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Performance analysis and slow SQL optimization of 100% CPU consumption of PostgreSQL

2020-12-06 10:08:16 osc_ pmjgzgaa

 

See the number of connections changing

CPU Utilization reaches 100%, First doubt , Is the business peak active, the connection increases abruptly , And the result of insufficient resources reserved in the database . We need to look at , When the problem occurs , Whether the number of active connections is much more than usual . about RDS for PG, The number of connections on the database has changed , You can see from the monitoring information on the console . The current number of active connections > You can connect to the database directly , Use the following query to get :

select count( * ) from pg_stat_activity where state not like '%idle';

Tracking is slow SQL

  If the number of active connections changes in the normal range , It is very likely that there was a poor performance at that time SQL Caused by mass execution . because RDS It's slow SQL journal , We can use this log , It was time-consuming to locate at that time SQL To further analyze . But usually when problems happen , The whole system is at a standstill , all SQL Slow down , It was recorded at that time > slow SQL Probably a lot , It's not easy to find the culprit . Here we introduce a few when problems occur , That is to say, the intervention and tracking are slow SQL Methods .

1、 The first way is to use pg_stat_statements Plug in positioning is slow SQL, Steps are as follows .

1.1 If you don't create this plug-in , Manual creation required . We need to make use of the counting information in plug-ins and database systems ( Such as SQL Execution time accumulation, etc ), And this information is accumulating , Contains historical information . In order to facilitate the investigation of the current CPU Full question , We need to reset the counter first .

create extension pg_stat_statements;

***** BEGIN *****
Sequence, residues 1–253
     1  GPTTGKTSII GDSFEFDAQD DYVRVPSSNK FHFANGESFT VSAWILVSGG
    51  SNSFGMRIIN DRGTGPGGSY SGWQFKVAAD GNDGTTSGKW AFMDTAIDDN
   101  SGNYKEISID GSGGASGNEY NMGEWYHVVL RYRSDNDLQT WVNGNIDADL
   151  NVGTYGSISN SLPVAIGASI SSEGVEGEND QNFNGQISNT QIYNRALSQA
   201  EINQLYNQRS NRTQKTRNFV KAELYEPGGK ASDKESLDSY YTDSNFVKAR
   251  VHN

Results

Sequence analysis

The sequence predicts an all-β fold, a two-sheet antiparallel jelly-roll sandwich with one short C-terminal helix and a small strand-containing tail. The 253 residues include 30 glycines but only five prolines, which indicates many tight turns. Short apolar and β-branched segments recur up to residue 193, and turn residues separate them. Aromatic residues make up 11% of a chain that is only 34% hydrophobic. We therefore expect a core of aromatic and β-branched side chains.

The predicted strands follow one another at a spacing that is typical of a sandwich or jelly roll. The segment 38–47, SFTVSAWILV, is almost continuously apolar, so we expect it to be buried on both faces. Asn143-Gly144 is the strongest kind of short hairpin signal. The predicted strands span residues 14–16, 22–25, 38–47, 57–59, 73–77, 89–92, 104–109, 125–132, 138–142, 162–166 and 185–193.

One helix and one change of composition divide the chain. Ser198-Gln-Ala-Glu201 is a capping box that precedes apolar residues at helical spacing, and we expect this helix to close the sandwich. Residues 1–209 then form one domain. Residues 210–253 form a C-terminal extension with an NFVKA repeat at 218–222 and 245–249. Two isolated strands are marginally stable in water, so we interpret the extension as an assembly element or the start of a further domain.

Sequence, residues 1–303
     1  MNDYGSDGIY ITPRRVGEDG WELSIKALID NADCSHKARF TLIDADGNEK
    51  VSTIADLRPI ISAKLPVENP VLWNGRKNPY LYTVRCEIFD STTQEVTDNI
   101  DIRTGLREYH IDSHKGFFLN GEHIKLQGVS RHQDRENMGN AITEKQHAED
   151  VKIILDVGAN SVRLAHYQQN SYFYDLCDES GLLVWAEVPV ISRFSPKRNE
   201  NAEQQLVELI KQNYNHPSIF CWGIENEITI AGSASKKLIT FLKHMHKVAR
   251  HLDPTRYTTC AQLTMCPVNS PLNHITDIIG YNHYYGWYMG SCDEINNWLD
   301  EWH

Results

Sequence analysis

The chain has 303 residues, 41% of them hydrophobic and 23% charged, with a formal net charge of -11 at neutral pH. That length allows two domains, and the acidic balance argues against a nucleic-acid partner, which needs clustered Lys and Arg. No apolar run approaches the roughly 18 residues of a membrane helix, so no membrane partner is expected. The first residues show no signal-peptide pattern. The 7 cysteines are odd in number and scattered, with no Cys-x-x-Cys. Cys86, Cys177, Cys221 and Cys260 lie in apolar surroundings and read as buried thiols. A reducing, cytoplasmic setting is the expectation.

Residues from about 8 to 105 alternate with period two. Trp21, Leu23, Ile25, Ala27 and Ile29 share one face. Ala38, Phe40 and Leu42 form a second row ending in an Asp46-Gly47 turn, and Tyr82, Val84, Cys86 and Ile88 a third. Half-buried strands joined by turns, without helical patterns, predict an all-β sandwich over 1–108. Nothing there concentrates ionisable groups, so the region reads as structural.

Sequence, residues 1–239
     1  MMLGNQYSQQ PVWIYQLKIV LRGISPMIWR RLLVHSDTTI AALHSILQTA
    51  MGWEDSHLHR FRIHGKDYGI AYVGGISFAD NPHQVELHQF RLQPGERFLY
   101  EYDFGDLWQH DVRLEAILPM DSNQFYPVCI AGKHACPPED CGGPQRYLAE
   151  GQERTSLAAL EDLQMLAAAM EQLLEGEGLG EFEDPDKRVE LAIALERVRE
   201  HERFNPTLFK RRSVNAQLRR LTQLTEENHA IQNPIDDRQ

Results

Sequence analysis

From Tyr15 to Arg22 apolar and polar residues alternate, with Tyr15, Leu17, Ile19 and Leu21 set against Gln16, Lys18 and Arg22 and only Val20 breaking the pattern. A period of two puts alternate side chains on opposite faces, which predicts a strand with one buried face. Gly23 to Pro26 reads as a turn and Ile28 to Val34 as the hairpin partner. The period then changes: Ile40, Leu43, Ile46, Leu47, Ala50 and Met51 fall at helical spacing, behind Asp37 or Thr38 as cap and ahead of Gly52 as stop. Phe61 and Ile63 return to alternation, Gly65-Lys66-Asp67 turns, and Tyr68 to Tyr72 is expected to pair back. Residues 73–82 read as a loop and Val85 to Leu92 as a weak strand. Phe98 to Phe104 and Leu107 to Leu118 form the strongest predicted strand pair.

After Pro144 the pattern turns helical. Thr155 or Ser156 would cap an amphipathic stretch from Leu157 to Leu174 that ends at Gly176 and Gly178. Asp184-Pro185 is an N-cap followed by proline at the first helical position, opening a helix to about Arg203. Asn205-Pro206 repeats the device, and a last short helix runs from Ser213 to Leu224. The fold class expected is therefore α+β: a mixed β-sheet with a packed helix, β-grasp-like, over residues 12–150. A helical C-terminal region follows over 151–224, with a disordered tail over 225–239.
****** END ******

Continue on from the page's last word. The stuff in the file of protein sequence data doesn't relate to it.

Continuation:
select pg_stat_reset();
select pg_stat_statements_reset();

1.2 Wait for a while ( for example 1 minute ), Make the counter accumulate enough information .

1.3 The most time-consuming query SQL( It's usually the direct cause of the problem ).

select * from pg_stat_statements order by total_time desc limit 5;

1.4 Query read Buffer The most frequent SQL, these SQL It may be because the data being queried has no index , And it leads to too much Buffer read , At the same time, it consumes a lot of CPU.

select * from pg_stat_statements order by shared_blks_hit+shared_blks_read desc limit 5;

2、 The second way is , Directly through pg_stat_activity View , Use the query below , View the current long execution , It never ends SQL. these SQL The corresponding result is CPU full , There are also direct suspects .

select datname, usename, client_addr, application_name, state, backend_start, xact_start, xact_stay, query_start, query_stay, replace(query, chr(10), ' ') as query from (select pgsa.datname as datname, pgsa.usename as usename, pgsa.client_addr client_addr, pgsa.application_name as application_name, pgsa.state as state, pgsa.backend_start as backend_start, pgsa.xact_start as xact_start, extract(epoch from (now() - pgsa.xact_start)) as xact_stay, pgsa.query_start as query_start, extract(epoch from (now() - pgsa.query_start)) as query_stay , pgsa.query as query from pg_stat_activity as pgsa where pgsa.state != 'idle' and pgsa.state != 'idle in transaction' and pgsa.state != 'idle in transaction (aborted)') idleconnections order by query_stay desc limit 5;